Pro-Human Extremist

Extremism in the defense of humanity is no vice

Archive for September 2011

Earth as a tourist destination

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In August, the journal Acta Astronautica published some dark thoughts by scientists at The Pennsylvania State University about what intelligent extraterrestrials might want to do to us if they ever find their way to Earth. This became hot news for a few days. While one can never rule out the possibilities that extraterrestrials might come here to exploit us, I’d like to offer a sunnier alternative.

For several years now, I’ve been convinced that if extraterrestrials ever do visit our dear little planet, it won’t be for conquest but for tourism. Extraterrestrial planetary connoisseurs will, I think, be attracted by Earth’s peculiar mix of water and land masses. They will like how plate tectonics and the geological rock cycle have only very slowly remodeled the surface of our continents, allowing rain and runoff to sculpt it into the many beautiful shapes that we so often take for granted. Their tours will take in the craggy, snow-capped peaks of our high mountain ranges, the broad valleys and deep gorges cut by our rivers, and the shorelines and island chains eroded into so many unique shapes by our oceans’ waves.

Earth will likely be prized for having the right range of temperatures to support water as solid, liquid, and gas—and all three in substantial quantities. Interstellar tourists will watch the calving of icebergs near its poles and then bask in its tropical rainshowers. They will also enjoy the pace of our planet’s cycle of evaporation and condensation, and the speed of our jet streams, which together produce such a diversity of weather patterns and cloud formations. Our sunsets will, I think, be particularly acclaimed.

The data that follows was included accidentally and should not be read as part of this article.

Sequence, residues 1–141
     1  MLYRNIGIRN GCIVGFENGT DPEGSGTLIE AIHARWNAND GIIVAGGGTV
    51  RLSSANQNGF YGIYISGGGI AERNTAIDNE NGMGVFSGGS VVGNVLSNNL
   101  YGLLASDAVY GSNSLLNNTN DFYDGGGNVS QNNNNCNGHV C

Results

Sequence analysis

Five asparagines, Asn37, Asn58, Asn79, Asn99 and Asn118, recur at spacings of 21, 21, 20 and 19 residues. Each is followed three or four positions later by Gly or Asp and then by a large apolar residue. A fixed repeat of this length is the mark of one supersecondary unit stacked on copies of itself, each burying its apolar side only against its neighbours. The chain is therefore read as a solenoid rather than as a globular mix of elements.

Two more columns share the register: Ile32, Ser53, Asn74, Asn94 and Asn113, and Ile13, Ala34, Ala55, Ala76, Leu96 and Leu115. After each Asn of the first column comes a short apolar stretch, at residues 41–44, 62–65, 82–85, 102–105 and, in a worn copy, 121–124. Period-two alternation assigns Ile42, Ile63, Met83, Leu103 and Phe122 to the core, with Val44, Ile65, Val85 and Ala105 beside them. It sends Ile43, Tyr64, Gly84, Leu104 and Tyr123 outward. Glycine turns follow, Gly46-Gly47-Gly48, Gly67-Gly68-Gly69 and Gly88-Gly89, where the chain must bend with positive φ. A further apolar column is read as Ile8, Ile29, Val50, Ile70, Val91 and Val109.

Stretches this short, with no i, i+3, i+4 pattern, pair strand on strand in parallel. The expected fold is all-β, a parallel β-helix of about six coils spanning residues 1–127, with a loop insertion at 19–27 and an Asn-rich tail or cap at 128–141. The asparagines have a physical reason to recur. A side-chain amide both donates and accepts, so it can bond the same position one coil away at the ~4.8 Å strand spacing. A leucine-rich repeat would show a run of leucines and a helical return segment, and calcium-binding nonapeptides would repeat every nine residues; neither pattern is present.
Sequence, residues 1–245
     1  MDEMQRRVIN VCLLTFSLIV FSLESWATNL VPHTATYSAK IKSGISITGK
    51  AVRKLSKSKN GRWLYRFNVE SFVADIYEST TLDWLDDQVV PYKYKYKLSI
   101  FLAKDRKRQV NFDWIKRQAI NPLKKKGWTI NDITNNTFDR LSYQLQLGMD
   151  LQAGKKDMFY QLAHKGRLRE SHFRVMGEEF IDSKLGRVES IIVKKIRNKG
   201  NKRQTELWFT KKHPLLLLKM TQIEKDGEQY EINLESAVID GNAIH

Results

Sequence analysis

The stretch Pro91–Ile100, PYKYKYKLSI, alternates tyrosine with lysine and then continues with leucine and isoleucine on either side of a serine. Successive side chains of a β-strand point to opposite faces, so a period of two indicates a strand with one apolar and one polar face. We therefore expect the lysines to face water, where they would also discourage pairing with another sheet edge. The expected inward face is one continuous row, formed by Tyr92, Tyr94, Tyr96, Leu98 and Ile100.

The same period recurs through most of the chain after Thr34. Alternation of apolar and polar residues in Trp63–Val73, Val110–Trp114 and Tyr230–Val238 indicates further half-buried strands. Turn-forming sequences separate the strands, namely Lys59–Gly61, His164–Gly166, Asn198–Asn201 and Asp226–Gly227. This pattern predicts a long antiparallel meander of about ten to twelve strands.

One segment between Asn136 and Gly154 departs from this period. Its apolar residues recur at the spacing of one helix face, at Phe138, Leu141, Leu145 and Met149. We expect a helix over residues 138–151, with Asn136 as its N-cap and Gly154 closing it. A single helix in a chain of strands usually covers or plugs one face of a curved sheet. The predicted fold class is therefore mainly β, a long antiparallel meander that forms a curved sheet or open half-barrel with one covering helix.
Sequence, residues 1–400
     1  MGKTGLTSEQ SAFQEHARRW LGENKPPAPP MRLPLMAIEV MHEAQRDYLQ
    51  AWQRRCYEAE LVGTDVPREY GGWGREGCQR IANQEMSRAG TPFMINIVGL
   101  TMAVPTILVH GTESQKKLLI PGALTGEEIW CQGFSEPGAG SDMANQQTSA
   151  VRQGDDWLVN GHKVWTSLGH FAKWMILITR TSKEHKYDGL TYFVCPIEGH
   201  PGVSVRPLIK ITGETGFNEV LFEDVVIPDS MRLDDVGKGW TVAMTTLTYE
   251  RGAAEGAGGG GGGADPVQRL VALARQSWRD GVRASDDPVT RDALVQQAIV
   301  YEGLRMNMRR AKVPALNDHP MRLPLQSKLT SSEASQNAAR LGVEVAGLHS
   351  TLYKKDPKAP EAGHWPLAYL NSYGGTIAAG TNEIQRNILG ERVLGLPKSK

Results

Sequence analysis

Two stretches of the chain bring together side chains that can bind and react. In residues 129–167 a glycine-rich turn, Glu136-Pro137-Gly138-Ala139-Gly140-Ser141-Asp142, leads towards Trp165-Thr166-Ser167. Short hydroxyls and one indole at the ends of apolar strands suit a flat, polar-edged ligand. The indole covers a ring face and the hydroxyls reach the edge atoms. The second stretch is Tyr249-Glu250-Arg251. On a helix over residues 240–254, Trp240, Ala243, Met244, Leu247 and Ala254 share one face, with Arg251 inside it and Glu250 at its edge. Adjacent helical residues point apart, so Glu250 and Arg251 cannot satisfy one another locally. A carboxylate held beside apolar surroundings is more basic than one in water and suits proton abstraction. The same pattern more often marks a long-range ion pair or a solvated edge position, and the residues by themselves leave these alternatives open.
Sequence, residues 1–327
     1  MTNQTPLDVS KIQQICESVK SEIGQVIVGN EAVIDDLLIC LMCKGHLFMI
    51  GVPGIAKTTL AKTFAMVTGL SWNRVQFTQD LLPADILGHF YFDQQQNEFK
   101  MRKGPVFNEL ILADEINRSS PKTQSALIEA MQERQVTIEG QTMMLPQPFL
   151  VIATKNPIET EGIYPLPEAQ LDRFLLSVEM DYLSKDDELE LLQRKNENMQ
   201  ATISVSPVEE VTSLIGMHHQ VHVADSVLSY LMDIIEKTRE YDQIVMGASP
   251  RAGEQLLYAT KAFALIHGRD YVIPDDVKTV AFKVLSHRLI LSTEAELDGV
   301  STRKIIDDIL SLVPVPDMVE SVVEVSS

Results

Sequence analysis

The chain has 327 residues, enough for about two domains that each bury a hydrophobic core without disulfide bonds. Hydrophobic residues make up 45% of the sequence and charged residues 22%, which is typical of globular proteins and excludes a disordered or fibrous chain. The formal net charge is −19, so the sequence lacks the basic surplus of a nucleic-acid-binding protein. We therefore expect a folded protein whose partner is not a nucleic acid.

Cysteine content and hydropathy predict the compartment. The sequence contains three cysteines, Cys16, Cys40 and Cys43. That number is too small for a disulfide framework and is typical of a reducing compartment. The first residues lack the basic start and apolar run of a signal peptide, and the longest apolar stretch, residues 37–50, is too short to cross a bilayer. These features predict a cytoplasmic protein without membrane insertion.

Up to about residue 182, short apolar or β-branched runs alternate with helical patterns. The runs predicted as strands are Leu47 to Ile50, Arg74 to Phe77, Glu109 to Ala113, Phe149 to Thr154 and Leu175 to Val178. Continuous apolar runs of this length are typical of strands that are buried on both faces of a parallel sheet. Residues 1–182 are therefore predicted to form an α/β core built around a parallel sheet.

They will appreciate the diversity of elements in Earth’s crust—a remnant of the long-ago nova of our solar system’s first sun and the subsequent re-aggregation of the matter thrown off by it, to form Earth and the other planets. Having been to other less chemically diverse planets, they will marvel at the range of colors and textures in our planet’s rocks, thanks to the many combinations that can be formed of its various elements.

Needless to say, any extraterrestrials who are able to travel to our planet must have gained so much control over matter and energy that they could engineer other planets to achieve whatever aesthetic effects they desire. But just as we prize natural diamonds over more flawless synthetic diamonds, the more discerning extraterrestrials will prefer the rare idiosyncrasies of naturally occurring planets like Earth.

The beauty of our planet owes much to the plants that cover so much of its landmasses, and to the softening effect they have had on the landscape—turning rocks and gravel into dark, rich soil. Interstellar visitors should enjoy how many of our planet’s photosynthetic organisms are multicellular, and in so many different sizes, shapes, and colors. Even to our Earth-accustomed eyes, the beauty of a landscape so often comes of how a diversity of plants have grown over the attractive shapes of the land itself. I suppose the home planets of our interstellar visitors are likely to have multicellular photosynthetic organisms, but still ours are bound to seem exotic to beings who haven’t grown up here. And the flowers and fruits that we so often take for granted may be unique to our planet’s angiosperms.

The beauty of Earthly scenes is further enlivened by the animals that move over our land, in our waters, and through our air. Terrestrial biped though I am, I’m guessing that Earth’s birds and flying insects will be most celebrated by interstellar visitors, followed closely perhaps by our brightly colored tropical fishes. Mammals may appeal to us humans, but most of them are rather drably colored, and they seldom make themselves as conspicuous to a casual glance as birds do.